I found it interesting that the Hebrew words for “good” and “evil” are not defined as philosophical concepts but rather point to concrete outcomes of welfare or harm. What is “good” is that which benefits others and “evil” is that which causes injury or calamity. Wisdom is not value neutral. Wisdom—in our spiritual tradition—is ordered to what is good. Wisdom seeks to discern and act with the intention of doing less harm, of serving the common good. 


Solomon starts off with a beautiful humility and a beautiful request of God. The way the story is told is that God responds with extraordinary generosity and fringe benefits. 


If God came to you today, in the midst of all that you are experiencing in your life and all we are experiencing in the world, and said to you, “Ask what I should give you,” what would you ask for?  Perhaps we can all learn from Solomon and ask for wisdom—not because we think we’ll get fringe benefits or because things will immediately get easy, but because wisdom is what we need to know what else we need! Wisdom is what we need to navigate this fraught, roiling, dangerous stretch of history without losing heart, mind, or soul. Wisdom is what we need to stay connected with God. Without true wisdom, our desires can carry us off into all sorts of confusion and worry and heartache. Without wisdom, we will struggle to discern between good and evil or to choose in ways that benefit ourselves, others, or the common good. Without wisdom, we cannot see what is right in front of us, we cannot discern what is most real and true, we do not know ourselves and therefore cannot truly share ourselves with others, and we miss the beauty and wonder of God’s presence and grace that is always dancing in and through the present moment.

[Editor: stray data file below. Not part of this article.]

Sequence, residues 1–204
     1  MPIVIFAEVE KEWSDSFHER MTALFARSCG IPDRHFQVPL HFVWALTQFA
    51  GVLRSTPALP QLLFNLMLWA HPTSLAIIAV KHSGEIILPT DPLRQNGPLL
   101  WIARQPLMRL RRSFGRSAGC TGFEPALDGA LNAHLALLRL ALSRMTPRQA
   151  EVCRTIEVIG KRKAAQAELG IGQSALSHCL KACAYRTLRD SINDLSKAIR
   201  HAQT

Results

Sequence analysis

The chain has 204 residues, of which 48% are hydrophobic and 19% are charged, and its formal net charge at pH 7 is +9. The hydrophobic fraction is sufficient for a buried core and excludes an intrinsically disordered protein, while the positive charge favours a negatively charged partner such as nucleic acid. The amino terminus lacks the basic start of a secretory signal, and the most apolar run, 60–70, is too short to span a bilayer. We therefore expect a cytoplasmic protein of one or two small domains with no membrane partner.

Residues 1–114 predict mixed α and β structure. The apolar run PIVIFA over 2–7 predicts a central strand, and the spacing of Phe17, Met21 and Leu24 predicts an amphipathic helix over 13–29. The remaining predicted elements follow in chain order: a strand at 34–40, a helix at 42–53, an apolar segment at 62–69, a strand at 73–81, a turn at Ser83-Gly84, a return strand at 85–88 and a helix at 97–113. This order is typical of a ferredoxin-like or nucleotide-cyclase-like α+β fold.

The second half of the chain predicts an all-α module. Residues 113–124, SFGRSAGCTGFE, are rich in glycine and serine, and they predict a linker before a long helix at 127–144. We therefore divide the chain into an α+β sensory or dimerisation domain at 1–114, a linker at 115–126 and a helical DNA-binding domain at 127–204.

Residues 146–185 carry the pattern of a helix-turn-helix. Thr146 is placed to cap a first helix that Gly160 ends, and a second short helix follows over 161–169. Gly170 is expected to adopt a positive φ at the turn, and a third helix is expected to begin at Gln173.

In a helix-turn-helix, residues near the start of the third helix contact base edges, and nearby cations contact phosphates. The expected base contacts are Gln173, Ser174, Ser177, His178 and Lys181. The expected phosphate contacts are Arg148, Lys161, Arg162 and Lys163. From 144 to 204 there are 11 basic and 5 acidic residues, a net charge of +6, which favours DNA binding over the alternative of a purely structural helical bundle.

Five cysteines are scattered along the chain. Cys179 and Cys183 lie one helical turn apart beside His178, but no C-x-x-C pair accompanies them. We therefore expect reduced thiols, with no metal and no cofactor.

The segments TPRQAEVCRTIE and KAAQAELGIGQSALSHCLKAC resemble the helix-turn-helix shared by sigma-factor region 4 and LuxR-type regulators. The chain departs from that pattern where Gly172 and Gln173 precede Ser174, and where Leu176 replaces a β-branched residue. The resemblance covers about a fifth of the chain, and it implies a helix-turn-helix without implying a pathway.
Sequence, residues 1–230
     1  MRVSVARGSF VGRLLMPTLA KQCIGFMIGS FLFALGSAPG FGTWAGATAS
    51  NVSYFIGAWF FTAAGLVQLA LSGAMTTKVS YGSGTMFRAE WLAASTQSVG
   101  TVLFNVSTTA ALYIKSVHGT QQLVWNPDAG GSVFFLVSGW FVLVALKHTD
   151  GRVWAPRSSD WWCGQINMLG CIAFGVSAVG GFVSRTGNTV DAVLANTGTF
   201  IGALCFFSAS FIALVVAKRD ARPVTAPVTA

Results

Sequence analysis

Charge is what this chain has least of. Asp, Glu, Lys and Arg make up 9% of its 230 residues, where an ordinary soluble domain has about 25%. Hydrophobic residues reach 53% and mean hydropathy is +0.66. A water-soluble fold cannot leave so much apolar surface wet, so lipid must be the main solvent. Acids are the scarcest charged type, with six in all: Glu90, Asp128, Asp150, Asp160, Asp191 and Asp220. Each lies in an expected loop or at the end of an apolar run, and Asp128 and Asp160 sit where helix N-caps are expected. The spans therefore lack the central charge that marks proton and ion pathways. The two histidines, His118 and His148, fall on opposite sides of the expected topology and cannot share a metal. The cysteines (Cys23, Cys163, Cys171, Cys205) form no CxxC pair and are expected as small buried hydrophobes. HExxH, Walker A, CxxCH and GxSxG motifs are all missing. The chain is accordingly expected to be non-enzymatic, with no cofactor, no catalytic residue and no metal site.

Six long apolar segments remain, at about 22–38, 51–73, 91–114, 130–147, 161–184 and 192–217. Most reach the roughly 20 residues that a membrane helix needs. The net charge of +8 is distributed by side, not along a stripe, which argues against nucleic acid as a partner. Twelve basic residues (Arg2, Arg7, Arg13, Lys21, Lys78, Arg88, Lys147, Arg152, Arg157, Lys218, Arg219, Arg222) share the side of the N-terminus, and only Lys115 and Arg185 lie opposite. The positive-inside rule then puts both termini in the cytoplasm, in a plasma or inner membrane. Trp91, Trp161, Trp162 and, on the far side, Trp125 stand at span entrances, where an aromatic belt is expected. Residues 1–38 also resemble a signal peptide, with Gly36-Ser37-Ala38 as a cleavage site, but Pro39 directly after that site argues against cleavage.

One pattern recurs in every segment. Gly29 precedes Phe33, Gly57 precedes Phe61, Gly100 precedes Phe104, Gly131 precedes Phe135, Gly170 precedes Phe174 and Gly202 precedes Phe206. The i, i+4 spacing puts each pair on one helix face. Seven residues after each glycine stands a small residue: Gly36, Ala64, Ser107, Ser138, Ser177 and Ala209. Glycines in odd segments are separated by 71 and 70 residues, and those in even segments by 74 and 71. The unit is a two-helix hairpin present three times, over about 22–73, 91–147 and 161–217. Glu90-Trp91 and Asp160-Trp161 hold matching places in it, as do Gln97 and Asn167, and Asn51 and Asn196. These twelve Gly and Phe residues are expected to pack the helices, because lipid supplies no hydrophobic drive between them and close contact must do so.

Wisdom and the grace to actively cultivate wisdom in our lives—may this be our humble desire.  May this be our prayer. For God’s sake and the sake of all that is…

 

 



[1] Sr. Joan Chittister, “Wisdom: A Gift or a Task?”